You might have heard this advice before; I know I have. A quick search on the internet finds lots of similar examples…
“Tips for writing picture books: don’t write in rhyme.”
“The editor loved the concept, but was not drawn to the rhyme.”
I admit it—I love rhyme! But I also try to challenge myself to utilize other tools in my poet’s toolbox, too:
repetition, rhythm, assonance, consonance, alliteration, and more.
I recently happened upon a wonderful example of a poetic, lyrical picture book text: A ROOM OF YOUR OWN: A STORY INSPIRED BY VIRGINIA WOOLF’S FAMOUS ESSAY by Beth Kephart, illustrated by Julia Breckenreid (Cameron Kids, 2022).
First, the concept is brilliant: talking about having a room of one’s own in which to dream and create, and then encouraging children to think about where their “room” might be, their place “to think, to dream, to be.”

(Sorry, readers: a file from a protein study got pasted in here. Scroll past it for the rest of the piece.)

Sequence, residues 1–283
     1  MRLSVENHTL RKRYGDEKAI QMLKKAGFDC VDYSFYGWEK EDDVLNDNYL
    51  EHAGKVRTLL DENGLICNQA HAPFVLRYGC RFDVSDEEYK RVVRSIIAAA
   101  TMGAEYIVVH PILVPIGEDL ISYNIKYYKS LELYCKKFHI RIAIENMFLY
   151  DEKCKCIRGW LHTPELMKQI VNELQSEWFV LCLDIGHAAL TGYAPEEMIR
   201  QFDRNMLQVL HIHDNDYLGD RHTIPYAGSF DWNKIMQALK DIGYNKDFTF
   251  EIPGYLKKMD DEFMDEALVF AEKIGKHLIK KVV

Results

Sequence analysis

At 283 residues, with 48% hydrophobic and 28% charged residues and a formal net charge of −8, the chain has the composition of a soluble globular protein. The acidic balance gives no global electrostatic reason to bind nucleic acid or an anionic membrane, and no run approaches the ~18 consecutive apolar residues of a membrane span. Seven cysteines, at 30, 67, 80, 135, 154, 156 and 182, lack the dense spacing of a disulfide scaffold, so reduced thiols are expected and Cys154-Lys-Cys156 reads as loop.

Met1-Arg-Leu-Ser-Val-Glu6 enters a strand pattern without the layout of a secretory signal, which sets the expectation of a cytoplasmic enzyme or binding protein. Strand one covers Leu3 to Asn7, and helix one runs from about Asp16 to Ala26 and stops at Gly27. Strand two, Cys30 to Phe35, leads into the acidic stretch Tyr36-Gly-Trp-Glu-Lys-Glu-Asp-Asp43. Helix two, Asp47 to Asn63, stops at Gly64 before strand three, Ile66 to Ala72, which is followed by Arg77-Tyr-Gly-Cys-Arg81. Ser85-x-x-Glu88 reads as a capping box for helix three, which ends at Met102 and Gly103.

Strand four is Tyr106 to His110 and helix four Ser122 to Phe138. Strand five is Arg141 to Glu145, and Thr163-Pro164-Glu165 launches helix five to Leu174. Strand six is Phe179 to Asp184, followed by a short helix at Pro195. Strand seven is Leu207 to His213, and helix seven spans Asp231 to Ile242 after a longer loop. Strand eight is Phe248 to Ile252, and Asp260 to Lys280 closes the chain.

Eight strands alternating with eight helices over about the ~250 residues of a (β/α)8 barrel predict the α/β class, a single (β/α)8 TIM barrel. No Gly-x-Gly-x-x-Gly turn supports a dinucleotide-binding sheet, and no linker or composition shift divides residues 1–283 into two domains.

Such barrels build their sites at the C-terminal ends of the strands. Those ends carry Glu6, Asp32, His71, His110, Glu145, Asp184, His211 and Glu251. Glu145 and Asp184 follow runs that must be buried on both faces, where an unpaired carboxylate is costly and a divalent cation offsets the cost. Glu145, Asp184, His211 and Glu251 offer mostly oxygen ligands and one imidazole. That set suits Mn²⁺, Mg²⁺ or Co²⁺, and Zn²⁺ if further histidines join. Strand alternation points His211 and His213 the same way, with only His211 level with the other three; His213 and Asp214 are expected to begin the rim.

Could it be under a table, in a hayloft, up a tree, or on a cool city stoop?
Second, the narrative is lyrical, poetic, and a beautiful example of a text that does not rely on rhyme yet is packed with so many other poetic elements. I now have it on my shelf to boost my creativity when I find myself leaning too heavily on rhyme!
I hope it inspires you, too, and that you have some sweet summer days ahead of you in a room of your own.
On Fridays, I love taking part in Poetry Friday when I can, where writers share resources about children’s poetry. This week, Mary Lee Hahn hosts the Poetry Friday Roundup today at her blog. Check out the celebration of poetry there today!